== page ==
Jack Smylie Wild goes in search of waterways that inspired Dylan Thomas
The talk on 10 July at the National Library of Wales, Aberystwyth has been postponed for reasons beyond our control.
‘Please feel free to interview the children,’ boomed the owner of a Rangoon ‘recycling factory’, nodding at a dozen barefoot labourers, adding in a theatrical whisper, ‘apart from the ones who are younger than twelve.’ In a nearby field back-bent girls paused from planting rice, stretched their stooped spines and giggled for the camera: ‘Photograph me, sir, not her. I am the beautiful one.’ Across town in a busy tea shop, a waiter served two would-be German investors with the words, ‘Welcome to Burma. Do you know about the massacres which followed the 1988 uprising?’
Alicia Byrne Keane enjoys the freedom, variety and interdisciplinary panache of Dublin’s Wonderfulgood Collective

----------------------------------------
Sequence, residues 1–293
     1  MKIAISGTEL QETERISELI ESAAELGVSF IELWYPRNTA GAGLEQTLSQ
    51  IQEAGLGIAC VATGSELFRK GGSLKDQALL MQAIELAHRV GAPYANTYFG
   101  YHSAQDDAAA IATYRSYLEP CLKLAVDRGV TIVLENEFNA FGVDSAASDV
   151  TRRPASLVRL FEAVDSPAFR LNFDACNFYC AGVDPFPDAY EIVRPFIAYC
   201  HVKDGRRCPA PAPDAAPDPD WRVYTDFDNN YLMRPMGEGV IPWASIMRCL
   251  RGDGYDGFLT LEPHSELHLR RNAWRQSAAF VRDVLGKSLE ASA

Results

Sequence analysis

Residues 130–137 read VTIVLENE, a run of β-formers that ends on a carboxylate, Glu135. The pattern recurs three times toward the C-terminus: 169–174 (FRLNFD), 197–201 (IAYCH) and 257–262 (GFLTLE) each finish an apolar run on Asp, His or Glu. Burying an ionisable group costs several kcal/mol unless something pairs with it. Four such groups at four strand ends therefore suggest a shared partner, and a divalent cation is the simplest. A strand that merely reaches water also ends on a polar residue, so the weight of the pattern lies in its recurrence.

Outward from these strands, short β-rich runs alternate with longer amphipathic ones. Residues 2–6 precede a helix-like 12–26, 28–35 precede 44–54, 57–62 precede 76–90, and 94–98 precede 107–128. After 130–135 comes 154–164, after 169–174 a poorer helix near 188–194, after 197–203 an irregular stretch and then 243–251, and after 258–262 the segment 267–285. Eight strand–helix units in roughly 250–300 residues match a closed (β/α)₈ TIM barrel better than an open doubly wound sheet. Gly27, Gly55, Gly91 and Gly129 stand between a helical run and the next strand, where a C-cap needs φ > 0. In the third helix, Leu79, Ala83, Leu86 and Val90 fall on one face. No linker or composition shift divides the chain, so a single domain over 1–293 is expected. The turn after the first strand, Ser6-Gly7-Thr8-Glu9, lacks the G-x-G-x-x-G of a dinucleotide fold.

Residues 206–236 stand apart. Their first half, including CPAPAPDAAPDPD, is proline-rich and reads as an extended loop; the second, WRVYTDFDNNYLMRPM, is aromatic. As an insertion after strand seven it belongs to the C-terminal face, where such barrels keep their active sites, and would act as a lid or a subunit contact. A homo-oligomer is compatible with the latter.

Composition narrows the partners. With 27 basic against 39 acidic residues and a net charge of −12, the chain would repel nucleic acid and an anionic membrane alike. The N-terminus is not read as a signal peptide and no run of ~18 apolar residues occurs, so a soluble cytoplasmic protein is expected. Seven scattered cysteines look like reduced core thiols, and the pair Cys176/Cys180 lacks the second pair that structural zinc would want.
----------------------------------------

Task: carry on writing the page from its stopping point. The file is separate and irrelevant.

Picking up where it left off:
Amy McCauley, immune to ‘Dylanmania’, visits the major touring ‘Dylan’ show at the National Library of Wales in Aberystwyth and is reminded, in ‘this most playful of exhibitions’ of a ‘damned funny’ poet with a ‘pathologically quick imag
Cardiff International Poetry Competition nominee Jonathan Edwards describes the process of combining history, ancestors and popular culture in his debut collection for Seren, My Family and Other Superheroes
Jemma L King enjoys a ‘perfect’ book by Antal Szerb, both in terms of content and aesthetics, and is enlightened by its first-hand account of Mussolini’s Italy more...
The UK may have no shortage of home-grown psychopaths but we are rapidly running up a trade deficit in criminologists. Lone maverick investigators are being imported in record numbers and chilly Scandinavia, for the moment, has cornered the market. more...